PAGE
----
Save on Estate Taxes by Gifting Your Carried Interest

A career in private equity offers the potential for tremendous wealth creation. Unfortunately, it may also come with a tax bill to match. We believe one of the most overlooked tax consequences for private equity professionals is the potential for estate taxes to take a bite out of their family’s long-term wealth. Gifting your carried interest to younger generations is one strategy that may help.

Why gift carried interest?

If you hold carried interest in a fund, especially a newer one, that interest may not have a tremendous value today, but if the fund is successful, your carried interest could eventually be worth hundreds of times its current value.

If that carried interest were subject to estate tax, you could be liable for federal taxes of 40%, plus any state or local taxes that might be due. Granted, in 2024, federal taxes don’t kick in until your estate is worth $13.61 million,1 but with the Tax Cuts and Jobs Act set to sunset at the end of 2025, your taxes could rise when tax rates return to their former pre-2018 level.2

For many private equity professionals, an effective solution may be to transfer their carried interest into a trust for their children and/or grandchildren, or to use a derivatives contract to create a gift for them, before it increases significantly in value, potentially avoiding a heavy estate tax burden.

How much should you gift?

For this strategy to work, the carried interest gift must be irrevocable. Once the funds are placed in a trust, it may be difficult or impossible to take them back—at least not without incurring legal fees and risking negative tax consequences.3 Therefore, we believe it’s important to ensure that your own retirement and spending needs are fully met before you determine your gift for the next generation.

We recently implemented a carried interest gifting strategy for a client of ours. The process involved both subjective visualization and decision-making about how he wanted his life to look, now and in the future. The process also involved detailed quantitative analysis that included modeling his portfolio, spending patterns and future goals using a Monte Carlo simulation.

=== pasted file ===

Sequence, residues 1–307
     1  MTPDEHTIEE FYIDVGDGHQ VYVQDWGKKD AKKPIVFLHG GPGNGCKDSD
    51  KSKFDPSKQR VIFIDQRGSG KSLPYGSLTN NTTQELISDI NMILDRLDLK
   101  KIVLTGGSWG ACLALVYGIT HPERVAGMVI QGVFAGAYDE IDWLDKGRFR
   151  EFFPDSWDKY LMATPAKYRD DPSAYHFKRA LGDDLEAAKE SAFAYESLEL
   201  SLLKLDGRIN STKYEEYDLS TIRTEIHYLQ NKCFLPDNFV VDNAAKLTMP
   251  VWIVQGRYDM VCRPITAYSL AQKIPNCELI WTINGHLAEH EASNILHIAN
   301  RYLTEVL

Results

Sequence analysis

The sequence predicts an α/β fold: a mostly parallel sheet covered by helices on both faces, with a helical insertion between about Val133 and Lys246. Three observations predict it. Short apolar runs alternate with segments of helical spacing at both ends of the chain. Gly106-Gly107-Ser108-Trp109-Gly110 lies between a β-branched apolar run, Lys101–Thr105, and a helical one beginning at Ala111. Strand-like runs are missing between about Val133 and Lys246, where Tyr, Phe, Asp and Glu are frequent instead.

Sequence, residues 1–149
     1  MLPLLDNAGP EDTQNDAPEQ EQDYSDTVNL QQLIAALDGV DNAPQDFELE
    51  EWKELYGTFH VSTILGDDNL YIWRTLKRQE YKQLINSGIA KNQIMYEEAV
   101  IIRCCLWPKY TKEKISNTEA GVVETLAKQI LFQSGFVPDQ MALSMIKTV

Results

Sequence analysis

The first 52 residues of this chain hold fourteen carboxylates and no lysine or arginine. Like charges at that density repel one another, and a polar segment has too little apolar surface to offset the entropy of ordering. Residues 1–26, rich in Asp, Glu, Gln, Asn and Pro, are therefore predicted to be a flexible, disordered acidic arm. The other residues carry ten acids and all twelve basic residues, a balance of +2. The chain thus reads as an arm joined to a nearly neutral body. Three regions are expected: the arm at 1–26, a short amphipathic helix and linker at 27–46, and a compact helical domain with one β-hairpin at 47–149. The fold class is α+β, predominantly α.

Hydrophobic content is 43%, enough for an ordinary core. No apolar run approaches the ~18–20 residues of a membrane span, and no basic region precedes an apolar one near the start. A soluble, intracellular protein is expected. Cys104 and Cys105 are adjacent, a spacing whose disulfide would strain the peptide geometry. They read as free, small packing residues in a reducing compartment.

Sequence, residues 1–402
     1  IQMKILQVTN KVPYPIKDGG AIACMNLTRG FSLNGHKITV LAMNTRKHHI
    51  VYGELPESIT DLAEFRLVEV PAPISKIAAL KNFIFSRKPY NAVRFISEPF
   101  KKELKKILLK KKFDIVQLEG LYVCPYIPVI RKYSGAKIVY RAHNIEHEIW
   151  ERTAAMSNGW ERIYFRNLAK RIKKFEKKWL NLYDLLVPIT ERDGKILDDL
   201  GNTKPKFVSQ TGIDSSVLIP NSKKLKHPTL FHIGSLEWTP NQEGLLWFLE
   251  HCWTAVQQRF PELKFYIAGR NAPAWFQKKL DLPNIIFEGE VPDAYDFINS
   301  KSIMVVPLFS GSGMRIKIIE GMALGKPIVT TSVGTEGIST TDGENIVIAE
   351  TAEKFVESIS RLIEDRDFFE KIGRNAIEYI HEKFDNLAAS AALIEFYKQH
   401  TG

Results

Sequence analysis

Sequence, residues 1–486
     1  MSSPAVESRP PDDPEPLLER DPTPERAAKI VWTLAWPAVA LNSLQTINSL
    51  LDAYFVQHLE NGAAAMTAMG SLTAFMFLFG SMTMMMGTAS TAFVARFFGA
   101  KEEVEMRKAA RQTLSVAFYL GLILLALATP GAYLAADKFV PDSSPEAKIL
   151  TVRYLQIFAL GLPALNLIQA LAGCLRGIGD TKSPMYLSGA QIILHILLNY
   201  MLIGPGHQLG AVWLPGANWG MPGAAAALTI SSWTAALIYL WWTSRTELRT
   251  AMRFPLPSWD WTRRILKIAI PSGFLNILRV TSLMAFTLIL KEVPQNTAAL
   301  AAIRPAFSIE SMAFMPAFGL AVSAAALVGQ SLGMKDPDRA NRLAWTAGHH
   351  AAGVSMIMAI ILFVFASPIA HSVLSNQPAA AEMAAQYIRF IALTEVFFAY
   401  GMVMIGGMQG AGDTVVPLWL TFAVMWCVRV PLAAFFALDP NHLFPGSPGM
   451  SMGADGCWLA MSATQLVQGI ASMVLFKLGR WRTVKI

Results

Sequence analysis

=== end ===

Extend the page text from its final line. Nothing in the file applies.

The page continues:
We strongly recommend working with your Corient Wealth Advisor to gain clarity on your personal financial requirements and peace of mind regarding the right size of your gift.

What will be the impact of your gift?

Of course, your life plans are not the only ones that should be considered. Depending on the age of the recipients, you’ll want to be mindful of how much to gift and when to allow access to that gift. A trust structure may allow you some control over how and when the money is managed and dispersed.

For example, you may wish to structure a trust so that funds are released as the recipients cross certain thresholds in life, such as graduating college, purchasing a home, getting married or having kids of their own.

What else might you consider?

Gifting carried interest is not without its risks and complications. For example, if your carried interest is subject to a vesting schedule, it may attract additional gift taxes when it eventually vests.4 And, given the speculative nature of the investment, there’s a chance you could use up your gift tax exemption today, only to have the carried interest end up being worthless in the long run.

One potential way to minimize these risks is to create a derivative contract that allows you to retain ownership of your carried interest while transferring the economic benefit from it to future generations. Think of it as giving your kids or grandkids an option on some or all of the potential future value of your carried interest rather than gifting them the interest itself.5

No matter what gifting strategy you pursue, we believe it makes sense to have a Corient Wealth Advisor by your side, plus the appropriate tax and legal professionals to help ensure that you conduct the appropriate analysis, properly document your strategy and avoid any potential pitfalls.

As we said at the start, a career in private equity may offer the potential for tremendous wealth creation. We believe a gift of carried interest is something that may preserve and protect that wealth for generations to come.




Matt Kocanda

Matt Kocanda

Partner, Business Development Director, Wealth Advisor

Matt is a Partner, Wealth Advisor in our Itasca, IL, office. He serves as the personal CFO to families, private equity professionals, investment bankers and asset managers. Matt loves to help make the complex simple and help clients enjoy a full life.

Sean Knoerzer, CFP®

Sean Knoerzer, CFP®

Wealth Advisor

Sean is an Associate Partner, Wealth Advisor in our Itasca, IL, office. Sean joined legacy firm BDF in 2014. He provides solutions for unique financial circumstances and clarity on complex planning needs.  He is part of Corient’s Financial Professionals practice group, which specializes in working with private equity professionals. Sean previously served on the Financial Planning Committee at legacy firm BDF. Sean earned a Bachelor of Science in Agriculture and Consumer Economics with a concentration in financial planning at the University of Illinois.